I have a new book of short stories, The Futility of Loving a Soldier, coming out December 1st from Evolved Publishing.
The Futility of Loving a Soldier is a collection of eleven short stories about the effects of combat on relationships with military friends and family. Moving between why we love our troops to why we hate them, The Futility of Loving a Soldier demonstrates that we wouldn’t want lives without them.
Today’s excerpt is from “A Wedding,” which is my favorite story in the collection. Eli and Abby were best friends growing up and haven’t really talked in nearly ten years – Abby went to college and Eli enlisted. He was wounded, and she visited him in the hospital.
I stepped into the room where he lay unconscious, passed out from pain and medication. He looked so pathetic lying there, with bigger muscles than the last time I’d seen him but paler, deathly pale with huge black circles under his eyes, cuts all over his exposed face and neck, and a bandage where his left arm should’ve been.
I edged over to his bed and picked up his right hand—his only hand now—careful not to disturb any of the wires and tubes sticking out of him, then stared at his fingers and palm, tracing the callouses on his fingertips before gently setting it back down and leaving the room.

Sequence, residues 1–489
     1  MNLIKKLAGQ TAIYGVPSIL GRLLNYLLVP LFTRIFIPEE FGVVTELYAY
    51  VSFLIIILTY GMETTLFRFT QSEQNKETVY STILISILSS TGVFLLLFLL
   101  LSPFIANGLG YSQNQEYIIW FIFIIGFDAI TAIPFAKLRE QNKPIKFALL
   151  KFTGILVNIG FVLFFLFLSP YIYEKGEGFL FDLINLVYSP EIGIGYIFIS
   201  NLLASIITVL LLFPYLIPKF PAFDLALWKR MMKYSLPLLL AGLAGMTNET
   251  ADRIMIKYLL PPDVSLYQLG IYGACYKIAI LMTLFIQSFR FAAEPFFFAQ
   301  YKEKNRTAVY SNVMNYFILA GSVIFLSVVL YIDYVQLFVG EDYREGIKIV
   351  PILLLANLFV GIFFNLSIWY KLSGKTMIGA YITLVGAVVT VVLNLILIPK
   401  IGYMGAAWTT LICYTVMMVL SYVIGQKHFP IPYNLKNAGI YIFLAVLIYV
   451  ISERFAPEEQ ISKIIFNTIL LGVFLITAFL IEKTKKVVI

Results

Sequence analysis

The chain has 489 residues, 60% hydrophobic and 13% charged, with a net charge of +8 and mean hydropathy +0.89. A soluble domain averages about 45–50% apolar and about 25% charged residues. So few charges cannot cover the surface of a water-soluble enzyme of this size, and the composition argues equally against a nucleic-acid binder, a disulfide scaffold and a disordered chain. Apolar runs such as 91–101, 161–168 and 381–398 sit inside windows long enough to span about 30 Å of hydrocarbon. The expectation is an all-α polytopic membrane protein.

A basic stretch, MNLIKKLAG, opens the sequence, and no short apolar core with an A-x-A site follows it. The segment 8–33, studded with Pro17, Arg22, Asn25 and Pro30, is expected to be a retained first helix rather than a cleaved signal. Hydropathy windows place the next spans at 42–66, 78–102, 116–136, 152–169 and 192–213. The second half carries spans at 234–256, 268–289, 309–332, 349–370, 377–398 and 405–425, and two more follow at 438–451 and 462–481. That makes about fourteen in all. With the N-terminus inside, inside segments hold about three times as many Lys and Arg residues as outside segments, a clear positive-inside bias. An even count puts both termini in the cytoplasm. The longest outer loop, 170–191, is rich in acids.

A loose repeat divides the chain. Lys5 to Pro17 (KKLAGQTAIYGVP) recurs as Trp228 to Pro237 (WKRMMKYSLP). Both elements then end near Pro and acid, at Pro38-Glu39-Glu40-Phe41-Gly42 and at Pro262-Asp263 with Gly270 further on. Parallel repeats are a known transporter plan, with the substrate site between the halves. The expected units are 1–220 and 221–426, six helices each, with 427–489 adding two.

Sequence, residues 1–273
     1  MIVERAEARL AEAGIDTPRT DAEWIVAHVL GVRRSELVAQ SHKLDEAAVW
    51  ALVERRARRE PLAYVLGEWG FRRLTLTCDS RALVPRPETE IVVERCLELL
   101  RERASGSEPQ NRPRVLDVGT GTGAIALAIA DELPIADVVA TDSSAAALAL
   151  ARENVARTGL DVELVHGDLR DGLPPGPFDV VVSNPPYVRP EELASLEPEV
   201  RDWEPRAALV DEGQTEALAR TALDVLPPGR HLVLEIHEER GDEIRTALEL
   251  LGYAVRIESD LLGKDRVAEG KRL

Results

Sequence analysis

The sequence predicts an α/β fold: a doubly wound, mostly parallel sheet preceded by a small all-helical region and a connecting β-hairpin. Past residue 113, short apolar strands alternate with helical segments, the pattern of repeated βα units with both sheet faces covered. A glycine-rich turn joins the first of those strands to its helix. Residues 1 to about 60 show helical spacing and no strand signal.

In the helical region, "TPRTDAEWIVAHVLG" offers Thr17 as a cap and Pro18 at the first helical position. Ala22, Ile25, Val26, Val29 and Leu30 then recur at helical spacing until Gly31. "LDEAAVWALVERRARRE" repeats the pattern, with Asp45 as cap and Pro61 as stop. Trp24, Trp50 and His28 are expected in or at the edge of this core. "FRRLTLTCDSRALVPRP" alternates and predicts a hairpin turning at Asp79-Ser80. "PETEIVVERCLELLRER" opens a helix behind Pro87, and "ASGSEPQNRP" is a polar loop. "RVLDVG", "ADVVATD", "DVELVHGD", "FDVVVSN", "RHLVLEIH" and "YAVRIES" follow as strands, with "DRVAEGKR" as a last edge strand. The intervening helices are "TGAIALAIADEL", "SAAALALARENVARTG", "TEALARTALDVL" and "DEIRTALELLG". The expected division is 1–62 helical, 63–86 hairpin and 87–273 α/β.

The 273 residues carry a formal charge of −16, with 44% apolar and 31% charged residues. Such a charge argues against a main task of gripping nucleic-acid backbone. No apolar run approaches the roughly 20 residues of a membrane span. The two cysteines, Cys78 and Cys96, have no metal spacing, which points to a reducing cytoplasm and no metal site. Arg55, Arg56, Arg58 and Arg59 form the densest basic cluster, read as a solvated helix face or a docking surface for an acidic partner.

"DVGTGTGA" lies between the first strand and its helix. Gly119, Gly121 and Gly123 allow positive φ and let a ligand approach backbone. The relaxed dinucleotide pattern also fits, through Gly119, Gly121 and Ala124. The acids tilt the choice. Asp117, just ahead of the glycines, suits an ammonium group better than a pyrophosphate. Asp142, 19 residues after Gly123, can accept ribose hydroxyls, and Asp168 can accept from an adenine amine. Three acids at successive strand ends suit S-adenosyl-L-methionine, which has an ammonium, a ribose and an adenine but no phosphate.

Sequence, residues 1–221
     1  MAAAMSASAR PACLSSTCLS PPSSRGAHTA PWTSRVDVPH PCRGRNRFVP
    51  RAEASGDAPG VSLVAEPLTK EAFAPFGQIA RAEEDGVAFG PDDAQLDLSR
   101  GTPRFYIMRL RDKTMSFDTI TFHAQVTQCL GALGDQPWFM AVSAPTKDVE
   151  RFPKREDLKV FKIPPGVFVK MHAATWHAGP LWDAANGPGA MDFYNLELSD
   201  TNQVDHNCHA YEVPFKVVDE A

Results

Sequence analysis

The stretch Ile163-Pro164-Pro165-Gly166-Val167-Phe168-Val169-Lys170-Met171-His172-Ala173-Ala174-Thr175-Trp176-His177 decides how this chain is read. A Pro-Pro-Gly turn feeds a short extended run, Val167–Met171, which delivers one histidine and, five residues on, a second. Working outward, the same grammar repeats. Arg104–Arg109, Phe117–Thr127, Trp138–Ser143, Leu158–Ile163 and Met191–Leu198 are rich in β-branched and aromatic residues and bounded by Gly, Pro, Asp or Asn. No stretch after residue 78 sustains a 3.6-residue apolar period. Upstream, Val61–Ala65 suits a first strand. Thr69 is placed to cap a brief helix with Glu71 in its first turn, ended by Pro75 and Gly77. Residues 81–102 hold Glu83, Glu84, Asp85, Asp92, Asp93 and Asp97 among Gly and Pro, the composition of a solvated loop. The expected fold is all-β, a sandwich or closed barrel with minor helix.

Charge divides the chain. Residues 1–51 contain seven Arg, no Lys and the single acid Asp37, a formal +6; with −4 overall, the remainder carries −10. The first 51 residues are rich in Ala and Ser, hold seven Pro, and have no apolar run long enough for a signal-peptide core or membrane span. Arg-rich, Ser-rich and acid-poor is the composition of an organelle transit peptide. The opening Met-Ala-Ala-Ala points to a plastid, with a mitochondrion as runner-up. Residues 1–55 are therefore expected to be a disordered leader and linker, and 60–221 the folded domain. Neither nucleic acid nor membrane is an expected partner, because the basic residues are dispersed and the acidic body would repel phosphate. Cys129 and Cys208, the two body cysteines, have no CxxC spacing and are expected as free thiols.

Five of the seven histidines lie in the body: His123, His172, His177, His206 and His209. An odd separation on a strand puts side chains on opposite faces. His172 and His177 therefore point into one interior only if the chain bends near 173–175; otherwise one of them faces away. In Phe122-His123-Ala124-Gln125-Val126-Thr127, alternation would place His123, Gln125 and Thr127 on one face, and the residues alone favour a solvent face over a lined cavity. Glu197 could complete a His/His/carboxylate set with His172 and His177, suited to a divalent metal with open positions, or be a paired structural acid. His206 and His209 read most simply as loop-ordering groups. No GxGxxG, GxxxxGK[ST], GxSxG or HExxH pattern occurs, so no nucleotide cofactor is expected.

I didn’t go back.
Fortunately Jamie Linn was there to help him rebound and rebuild once he was back home. She’d had a crush on him for as long as anyone could remember, and she was a nurse now, or home care aide or traveling physical therapist, something that got her into his house each day and got him back to healthy. And once he was better, up and around and selling used cars with his dad, she’d stuck around. It was the perfect romance story come to life, except my mom said Eli had bad spells where he’d just lock himself in his room and stare at the walls, and Jamie Linn got all weepy whenever a show like The Bachelor or 19 Kids and Counting came on and reminded her that she was twenty-seven, childless, and engaged to a moody one-handed used-car salesman.
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Broken heart here after reading your snippet.So true to life. Thanks, ED for telling it like it is.
“that she was twenty-seven, childless, and engaged to a moody one-handed used-car salesman.” = painful. Well done.
Oh WOW. So much packed into that excerpt – very emotional. I just want to fix the situation for everyone, right NOW. But of course that can’t be done, even in a novel. Very affecting story-telling, excellent excerpt.
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